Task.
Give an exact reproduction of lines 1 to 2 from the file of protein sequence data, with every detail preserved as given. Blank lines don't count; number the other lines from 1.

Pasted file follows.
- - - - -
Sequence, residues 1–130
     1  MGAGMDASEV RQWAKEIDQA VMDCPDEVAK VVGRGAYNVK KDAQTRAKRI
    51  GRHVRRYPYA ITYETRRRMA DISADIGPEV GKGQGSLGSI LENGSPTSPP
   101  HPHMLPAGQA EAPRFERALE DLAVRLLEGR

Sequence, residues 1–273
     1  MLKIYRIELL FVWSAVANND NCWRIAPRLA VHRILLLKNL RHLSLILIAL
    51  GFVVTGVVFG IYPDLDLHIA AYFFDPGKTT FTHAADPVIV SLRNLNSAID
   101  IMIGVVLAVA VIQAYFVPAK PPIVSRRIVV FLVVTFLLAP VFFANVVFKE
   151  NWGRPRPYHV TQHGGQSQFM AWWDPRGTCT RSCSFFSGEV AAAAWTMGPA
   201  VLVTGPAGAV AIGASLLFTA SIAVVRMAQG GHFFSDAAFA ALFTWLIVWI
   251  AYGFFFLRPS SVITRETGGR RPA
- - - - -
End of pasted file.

Sequence, residues 1–130
     1  MGAGMDASEV RQWAKEIDQA VMDCPDEVAK VVGRGAYNVK KDAQTRAKRI